Taking Pictures

Discussion in 'Photographic Discussions' started by neea, Feb 27, 2007.

  1. neea

    neea TPF Noob!

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    I come across a webpage tonight. At first I thought it was neat because I was learning lots but the deeper I went into the pages the more disturbed I became.

    There were galleries of 'art' people had created by using other peoples pictures. I'm sure they were stock photos, free stock photos.
    But it made me angry to see how someone could take 3 different pictures blend them in photoshop and put them in their own galleries as art.
    Sure this may be digital 'art' to some people. They were very nice!!!

    What is stopping people from going into random photographers webpages, photographers trying to make a living, and taking their pictures?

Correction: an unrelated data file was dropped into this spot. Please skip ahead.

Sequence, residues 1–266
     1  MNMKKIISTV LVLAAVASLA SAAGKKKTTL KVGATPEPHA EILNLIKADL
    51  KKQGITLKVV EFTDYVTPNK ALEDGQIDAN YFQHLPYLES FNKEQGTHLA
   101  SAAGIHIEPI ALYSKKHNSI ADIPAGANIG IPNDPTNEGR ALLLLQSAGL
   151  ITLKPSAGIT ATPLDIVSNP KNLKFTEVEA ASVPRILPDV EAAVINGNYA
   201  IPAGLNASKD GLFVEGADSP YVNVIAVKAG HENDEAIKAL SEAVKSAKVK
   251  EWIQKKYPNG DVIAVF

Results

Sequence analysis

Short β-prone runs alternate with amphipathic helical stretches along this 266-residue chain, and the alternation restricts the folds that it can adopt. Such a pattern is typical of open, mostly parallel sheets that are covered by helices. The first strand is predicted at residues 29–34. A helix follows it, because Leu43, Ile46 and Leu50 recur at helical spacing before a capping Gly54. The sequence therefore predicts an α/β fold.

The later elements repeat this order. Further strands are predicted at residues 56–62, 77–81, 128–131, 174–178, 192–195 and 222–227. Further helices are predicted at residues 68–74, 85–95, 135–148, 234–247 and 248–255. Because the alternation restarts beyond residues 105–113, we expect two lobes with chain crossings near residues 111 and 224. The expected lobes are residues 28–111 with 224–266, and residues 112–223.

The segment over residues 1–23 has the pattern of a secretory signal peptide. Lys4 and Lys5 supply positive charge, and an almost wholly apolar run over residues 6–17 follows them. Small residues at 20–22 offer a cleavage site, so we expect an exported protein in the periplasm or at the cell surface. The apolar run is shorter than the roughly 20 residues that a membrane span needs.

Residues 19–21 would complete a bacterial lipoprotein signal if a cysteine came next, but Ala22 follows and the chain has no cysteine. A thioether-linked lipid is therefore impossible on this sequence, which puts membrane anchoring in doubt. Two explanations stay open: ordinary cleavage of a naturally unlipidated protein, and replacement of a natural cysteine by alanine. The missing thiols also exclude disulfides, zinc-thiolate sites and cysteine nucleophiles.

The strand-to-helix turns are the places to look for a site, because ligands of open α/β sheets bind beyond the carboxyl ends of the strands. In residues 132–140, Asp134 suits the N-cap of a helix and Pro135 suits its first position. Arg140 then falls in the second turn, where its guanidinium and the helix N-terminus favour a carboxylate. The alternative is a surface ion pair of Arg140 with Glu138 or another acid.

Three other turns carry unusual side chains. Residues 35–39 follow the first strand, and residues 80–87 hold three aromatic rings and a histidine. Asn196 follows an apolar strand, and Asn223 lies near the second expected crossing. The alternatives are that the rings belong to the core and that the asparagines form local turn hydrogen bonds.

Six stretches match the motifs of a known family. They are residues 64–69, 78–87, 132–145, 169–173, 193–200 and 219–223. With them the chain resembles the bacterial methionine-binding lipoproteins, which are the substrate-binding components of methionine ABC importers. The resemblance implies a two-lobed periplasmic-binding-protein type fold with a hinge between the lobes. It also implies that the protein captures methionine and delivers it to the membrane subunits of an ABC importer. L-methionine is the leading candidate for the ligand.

They weren't making money off them or claiming them as all their original work.

    But it still bothers me.
    Perhaps they should be out taking their own pictures to blend together.

    Does anyone else see why I'm upset or am I being moody and tired???:er:
     
  2. The_Traveler

    The_Traveler Completely Counter-dependent Supporting Member

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    When you post images on the web, they are available for people to use as long as the people don't use then for commercial purposes.

    You might be moody and tired but you are also right to be upset but that's the problem with the net.
     
  3. neea

    neea TPF Noob!

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    And there is no way around it either.
    You can put fancy flash things that pop up saying 'Copyrighted' when they right click but they can still print screen. The quality isn't going to be very good at 72 dpi but still... it chaps my @$$
     
  4. Aquarium Dreams

    Aquarium Dreams TPF Noob!

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    You could also put ugly watermarks on them, but if someone wants it badly enough, they can clone over it. Also, who wants to make their images ugly for potential clients?